'Intense, personal and emotional': How beauty communities saved Indies during COVID-19
The ongoing COVID-19 pandemic has created seismic change in the consumer and beauty landscape, given its health, social and economic implications – the latter of which has impacted industry very differently. Many personal care majors have weathered the storm well, leveraging global networks and strengths in everyday products like soaps and shower gels, whilst others specialised in make-up and perfumes have struggled somewhat more.
But what about the small independent beauty brands? How have they faced such significant change and unrest?
Beauty brand communities built on ‘time, energy and devotion’
The key lied in how established and nurtured their beauty communities were, according to Rachel Whittaker, founder and director of Indie Beauty Delivers – a mentoring and consultation firm working with independent brand owners.
“I don’t recall a time when the importance of community has ever been highlighted as starkly as now,” Whittaker told CosmeticsDesign-Europe.
“Just a few months ago, the retail landscape changed overnight. Within hours, and with little notice, beauty businesses saw the collapse of their bricks and mortar revenue streams, online retailer sales drop and own website sales stall, as our industry and consumers paused to work out how to navigate this unimaginable new world.”
And whilst indie brands faced the same plethora of challenges than the bigger guys, she said the indies that had consistently “invested time, energy and devotion” to their beauty communities were the ones that had managed to flourish despite all the difficulties associated with COVID-19.
“Those brands who have invested time in building out a community, and by that I mean they’ve invested time in building relationships with their customers; intense, personal, and emotional relationships with their customers, they were never in a position where they were in difficulty during this crisis because their community was there for them. And, more than ever, their community needed them. It’s such a reciprocal way of doing business.”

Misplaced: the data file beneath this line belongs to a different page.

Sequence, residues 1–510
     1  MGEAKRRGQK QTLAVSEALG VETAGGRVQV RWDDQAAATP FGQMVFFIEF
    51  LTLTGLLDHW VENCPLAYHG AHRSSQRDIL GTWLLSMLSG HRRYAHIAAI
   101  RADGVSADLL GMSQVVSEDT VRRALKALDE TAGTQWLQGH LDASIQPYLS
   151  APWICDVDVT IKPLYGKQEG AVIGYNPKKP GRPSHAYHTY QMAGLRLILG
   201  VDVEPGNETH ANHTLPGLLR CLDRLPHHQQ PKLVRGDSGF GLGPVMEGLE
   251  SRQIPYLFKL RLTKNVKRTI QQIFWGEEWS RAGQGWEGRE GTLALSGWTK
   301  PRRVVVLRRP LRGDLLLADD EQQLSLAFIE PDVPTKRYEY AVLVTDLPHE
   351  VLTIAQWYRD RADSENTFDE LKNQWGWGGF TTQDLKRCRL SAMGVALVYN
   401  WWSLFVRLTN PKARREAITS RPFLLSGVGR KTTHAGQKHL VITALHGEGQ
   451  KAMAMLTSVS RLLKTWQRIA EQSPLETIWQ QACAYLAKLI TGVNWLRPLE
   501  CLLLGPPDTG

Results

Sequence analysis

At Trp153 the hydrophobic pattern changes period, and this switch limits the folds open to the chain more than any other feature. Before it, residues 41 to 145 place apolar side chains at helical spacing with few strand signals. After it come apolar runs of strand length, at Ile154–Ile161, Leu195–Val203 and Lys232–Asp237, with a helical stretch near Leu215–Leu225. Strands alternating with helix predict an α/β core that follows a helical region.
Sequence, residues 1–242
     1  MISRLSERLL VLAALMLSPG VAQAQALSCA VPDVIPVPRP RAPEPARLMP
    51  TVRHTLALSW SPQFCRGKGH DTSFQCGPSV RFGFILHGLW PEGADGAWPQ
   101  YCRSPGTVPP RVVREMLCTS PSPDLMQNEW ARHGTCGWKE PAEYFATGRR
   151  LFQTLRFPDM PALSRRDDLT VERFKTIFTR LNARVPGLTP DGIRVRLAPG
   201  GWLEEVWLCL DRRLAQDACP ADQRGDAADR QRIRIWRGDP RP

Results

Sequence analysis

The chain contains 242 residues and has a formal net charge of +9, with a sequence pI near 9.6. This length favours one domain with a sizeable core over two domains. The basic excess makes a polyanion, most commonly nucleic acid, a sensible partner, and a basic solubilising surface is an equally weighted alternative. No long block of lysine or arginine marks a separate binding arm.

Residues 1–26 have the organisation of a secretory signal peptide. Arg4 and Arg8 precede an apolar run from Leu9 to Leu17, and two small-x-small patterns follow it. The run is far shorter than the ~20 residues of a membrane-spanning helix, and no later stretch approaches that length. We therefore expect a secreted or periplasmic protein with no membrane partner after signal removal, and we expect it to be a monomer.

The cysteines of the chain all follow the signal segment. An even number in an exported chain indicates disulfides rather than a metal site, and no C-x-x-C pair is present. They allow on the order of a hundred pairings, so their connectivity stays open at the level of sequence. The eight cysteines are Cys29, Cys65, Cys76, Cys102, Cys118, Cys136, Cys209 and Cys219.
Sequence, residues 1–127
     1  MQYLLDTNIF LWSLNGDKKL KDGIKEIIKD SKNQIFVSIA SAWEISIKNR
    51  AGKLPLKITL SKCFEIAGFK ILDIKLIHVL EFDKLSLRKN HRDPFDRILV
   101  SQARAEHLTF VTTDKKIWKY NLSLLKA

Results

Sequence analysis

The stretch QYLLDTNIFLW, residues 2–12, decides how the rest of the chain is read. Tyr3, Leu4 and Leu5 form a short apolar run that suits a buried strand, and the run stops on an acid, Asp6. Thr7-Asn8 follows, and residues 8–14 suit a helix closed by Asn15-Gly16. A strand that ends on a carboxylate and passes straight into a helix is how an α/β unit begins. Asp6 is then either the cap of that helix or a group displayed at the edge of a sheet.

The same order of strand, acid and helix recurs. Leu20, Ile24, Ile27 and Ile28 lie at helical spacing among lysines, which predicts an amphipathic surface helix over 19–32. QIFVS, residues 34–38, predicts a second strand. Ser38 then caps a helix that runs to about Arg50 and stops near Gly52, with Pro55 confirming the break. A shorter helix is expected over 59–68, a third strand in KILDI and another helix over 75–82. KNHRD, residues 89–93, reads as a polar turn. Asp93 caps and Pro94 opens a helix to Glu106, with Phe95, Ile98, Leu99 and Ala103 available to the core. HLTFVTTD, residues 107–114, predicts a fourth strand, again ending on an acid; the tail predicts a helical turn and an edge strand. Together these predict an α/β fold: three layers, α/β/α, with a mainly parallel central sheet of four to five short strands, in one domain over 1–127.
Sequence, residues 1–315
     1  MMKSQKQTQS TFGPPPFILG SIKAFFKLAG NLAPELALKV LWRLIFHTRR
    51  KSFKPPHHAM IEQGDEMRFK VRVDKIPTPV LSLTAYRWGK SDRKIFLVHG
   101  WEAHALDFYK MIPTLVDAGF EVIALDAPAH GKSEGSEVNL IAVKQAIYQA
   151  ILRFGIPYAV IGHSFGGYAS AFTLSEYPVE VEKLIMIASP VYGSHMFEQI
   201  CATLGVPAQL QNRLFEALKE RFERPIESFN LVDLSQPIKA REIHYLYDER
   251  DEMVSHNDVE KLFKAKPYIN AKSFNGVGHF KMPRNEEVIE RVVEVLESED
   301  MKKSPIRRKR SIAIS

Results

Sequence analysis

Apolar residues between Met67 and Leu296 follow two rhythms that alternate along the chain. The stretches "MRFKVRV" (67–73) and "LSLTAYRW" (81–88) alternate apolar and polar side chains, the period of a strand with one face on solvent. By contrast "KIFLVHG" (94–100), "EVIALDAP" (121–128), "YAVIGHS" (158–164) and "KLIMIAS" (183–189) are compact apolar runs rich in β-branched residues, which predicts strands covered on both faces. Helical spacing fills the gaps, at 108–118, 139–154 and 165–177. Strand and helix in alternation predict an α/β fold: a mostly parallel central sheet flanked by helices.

“…I’ve definitely seen the evidence that brands who have spent the time and built that audience and community have reaped the benefits of that over the last few months, and will continue to do so,” Whittaker said.
Indie beauty power during COVID-19
And the power of community had, most notably, applied to independent beauty brands, she said, and even more with those operating direct-to-consumer (D2C) models.
During this crisis, loyal consumers and communities still wanted to hear from and engage with their favourite indie brand, she said. “At the heart of every single kind of indie beauty transaction is a really conscious choice by a consumer. It’s an educated, informed choice by a consumer to support an independent brand, and that’s built on a relationship that’s come through that community.”
Importantly, during uncertain times for consumers these transactions and brand engagements felt truly “authentic and accessible”, Whittaker said – a sentiment bigger players had been trying to emulate for years.
And many indie brands had dived into supporting their beauty communities in new ways during this crisis, she said, with wider wellness and health initiatives like online yoga, exercise or meditation that added huge value to consumer wellbeing.
Putting beauty consumers front and centre
Whittaker said the entire crisis had really driven home “the importance of putting consumers at the front and centre of everything”.
And putting consumers first had also helped brands stay up to speed on changing needs and trends, she said. “You’ve got things like Facebook and Instagram – there are so many ways you can be asking questions and talking to them. Founders are often a little bit nervous about doing this, but that’s what community is about.”
Beauty communities gave brand owners access to a wealth of important data, she said, about shopping habits, product opinion and much more which was all hugely valuable in a time like COVID-19.
What would be important now, Whittaker said, was that indie beauty brands continued this community engagement and kept consumers in the spotlight.
“This is the start; a step-change in the way we’re running those businesses. But we have to keep those relationships up. We can’t just flick the switch and go back to the way we were. If we want to move and build on these changes and scale and grow our industry, then we all have to stay engaged and stay building our communities and stay visible and active.”